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‘Nevada’s best-kept secret’ offers hiking, camping and stargazing

Editor’s Note: Nevada 150 is a yearlong series highlighting the people, places and things that make up the history of the state.

Some say the best time to see Cathedral Gorge State Park is in the middle of the summer on a moonless night.

That’s when thousands of stars emerge over the rugged Lincoln County landscape in the cool, high-desert air.

There isn’t a big city within 100 miles, so the sky is ink black, and the millions of pinpoints of light are a visual feast.

But in the daylight hours, Cathedral Gorge — one of Nevada’s four original state parks — is quite a sight, too, with its rocky towers and blend of stone goblins. If you get up close and personal within the maze of short slot canyons and passageways, you will get yet another perspective.

“We think we’re Nevada’s best-kept secret,” said Dawn Andone, the park’s interpreter.

Andone said that while there is no bad time of year to visit the park, spring and fall are the most popular because the temperatures are perfect for hiking and camping. In the middle of summer, it hits about 100 on the hottest days.

Located about 165 miles northeast of Las Vegas on U.S Highway 93, the Great Basin Highway, between Caliente and Pioche, Cathedral Gorge is a compact, 1,600-acre park that is a desert photographer’s dream.

From afar, visitors see stone spires above the passageways carved into the crumbly bentonite clay, formed by eons of erosion. Within the slot canyons, the walls tower like oversized hallways.

The place is crawling with lizards, mice, gophers, kit foxes, kangaroo rats, rabbits, coyotes and an occasional deer.

“When I first saw it, it reminded me of the Badlands of South Dakota,” said Kristen Lucibello, a Utah State University student who stopped at the park on her way to Las Vegas. “That was one of the first national parks I had ever been to, so there was a nostalgia factor.”

Lucibello and a friend started at Miller Point, the highest spot within Cathedral Gorge, and took the 1-mile Miller Point Trail to the heart of the park. Park personnel have made a walk into the gorge safe by building a steel-frame stairway to the canyon floor.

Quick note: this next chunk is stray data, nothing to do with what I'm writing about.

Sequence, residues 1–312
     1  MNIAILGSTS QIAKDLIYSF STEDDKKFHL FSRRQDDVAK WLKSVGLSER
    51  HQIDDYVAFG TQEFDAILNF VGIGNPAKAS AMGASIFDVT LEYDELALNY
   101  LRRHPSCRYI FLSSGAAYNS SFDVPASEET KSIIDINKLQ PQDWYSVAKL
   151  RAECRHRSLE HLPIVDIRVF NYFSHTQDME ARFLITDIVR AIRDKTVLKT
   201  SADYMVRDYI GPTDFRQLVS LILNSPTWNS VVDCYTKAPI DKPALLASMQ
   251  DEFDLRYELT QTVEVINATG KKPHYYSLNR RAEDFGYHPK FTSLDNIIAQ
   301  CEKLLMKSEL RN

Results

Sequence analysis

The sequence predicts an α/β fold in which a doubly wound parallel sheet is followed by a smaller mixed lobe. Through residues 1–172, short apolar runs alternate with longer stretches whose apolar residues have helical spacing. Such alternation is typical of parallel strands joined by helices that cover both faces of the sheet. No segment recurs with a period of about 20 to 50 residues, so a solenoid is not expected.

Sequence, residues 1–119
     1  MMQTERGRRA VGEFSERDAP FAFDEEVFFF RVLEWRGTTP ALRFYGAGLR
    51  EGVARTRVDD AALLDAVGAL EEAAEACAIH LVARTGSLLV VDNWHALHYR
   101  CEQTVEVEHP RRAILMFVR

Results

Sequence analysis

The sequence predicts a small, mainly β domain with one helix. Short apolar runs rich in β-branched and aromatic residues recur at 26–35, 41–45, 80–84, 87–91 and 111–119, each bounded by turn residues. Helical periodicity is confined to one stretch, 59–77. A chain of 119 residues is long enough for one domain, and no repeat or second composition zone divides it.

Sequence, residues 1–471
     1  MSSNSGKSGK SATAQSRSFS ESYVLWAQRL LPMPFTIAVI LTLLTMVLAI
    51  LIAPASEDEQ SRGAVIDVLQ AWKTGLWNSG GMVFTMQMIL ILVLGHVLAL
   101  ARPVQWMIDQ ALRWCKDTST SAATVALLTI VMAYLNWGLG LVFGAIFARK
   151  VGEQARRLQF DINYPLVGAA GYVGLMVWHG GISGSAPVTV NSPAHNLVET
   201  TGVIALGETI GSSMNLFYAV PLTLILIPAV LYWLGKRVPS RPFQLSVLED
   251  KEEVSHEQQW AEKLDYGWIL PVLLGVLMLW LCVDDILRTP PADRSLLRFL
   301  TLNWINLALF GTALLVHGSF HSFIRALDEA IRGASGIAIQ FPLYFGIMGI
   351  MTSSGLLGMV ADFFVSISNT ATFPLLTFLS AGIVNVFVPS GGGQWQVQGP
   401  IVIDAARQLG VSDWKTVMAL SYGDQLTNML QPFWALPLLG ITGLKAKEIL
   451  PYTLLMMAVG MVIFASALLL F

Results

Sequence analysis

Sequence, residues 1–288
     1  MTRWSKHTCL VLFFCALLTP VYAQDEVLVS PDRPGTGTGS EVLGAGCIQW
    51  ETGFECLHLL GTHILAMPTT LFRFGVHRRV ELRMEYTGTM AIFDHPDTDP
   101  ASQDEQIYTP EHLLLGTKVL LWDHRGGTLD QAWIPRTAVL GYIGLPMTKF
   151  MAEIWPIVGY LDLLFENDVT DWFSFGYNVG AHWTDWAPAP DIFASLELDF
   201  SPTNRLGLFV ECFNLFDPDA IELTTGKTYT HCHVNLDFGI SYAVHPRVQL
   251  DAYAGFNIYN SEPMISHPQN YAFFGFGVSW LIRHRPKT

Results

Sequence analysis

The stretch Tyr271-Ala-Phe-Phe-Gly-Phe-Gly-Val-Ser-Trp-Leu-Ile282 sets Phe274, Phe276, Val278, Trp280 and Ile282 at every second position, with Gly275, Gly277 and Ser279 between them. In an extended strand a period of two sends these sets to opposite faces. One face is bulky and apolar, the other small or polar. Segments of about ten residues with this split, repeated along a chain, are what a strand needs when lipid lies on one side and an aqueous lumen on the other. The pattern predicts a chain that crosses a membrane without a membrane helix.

“There were lots of families there with little kids, so we all felt pretty safe,” she said.

But the real fun is in exploring the small caves and crevices cut through the rock.

“There was one place where we got separated, and we had to call out to try to figure out where each of us were,” Lucibello said. “Great pictures and a lot of fun.”

In one section of the park, known as the Moon Caves, is a formation affectionately known by locals as the Rabbit Hole, a crawl-on-your-belly slide through a passage to an open area surrounded on all sides by rock walls.

There are 5.5 miles of trails in the park and a 22-site campground, each with a picnic table, grill and ramada. There’s fresh water at the campground, flush toilets, showers and a grassy group camping area. This year, the park has added electrical hookups.

Day use is $5 for Nevada residents and $7 for out-of-state visitors, while camping is $15 for Nevadans and $17 for out-of-staters. There’s a $10 fee added for the electrical connection.

Andone said the park gets about 40,000 visitors a year, and even on the busiest of weekends, the campground rarely fills. She said park officials aren’t sure whether the electrical hookups will add to visitor volume.

The park is expecting heavy usage for two fall activities designated as Nevada 150 events. A series of Dutch oven cook-off events make their way to Cathedral Gorge on Sept. 20 while the annual Park to Park Pedal, featuring highway bicycle rides for all levels, is scheduled Oct. 11.

“When the park gets close to filling, we try to find a place for everybody and if we can’t accommodate, there are four other state parks that aren’t too far away,” she said.

Cathedral Gorge is one of five state parks clustered within 50 miles of each other in Lincoln County, and the park is less than a half-hour from food and supplies at Pioche, Panaca or Caliente.

Contact reporter Richard N. Velotta at rvelotta@reviewjournal.com or 702-477-3893. Follow him on Twitter @RickVelotta.

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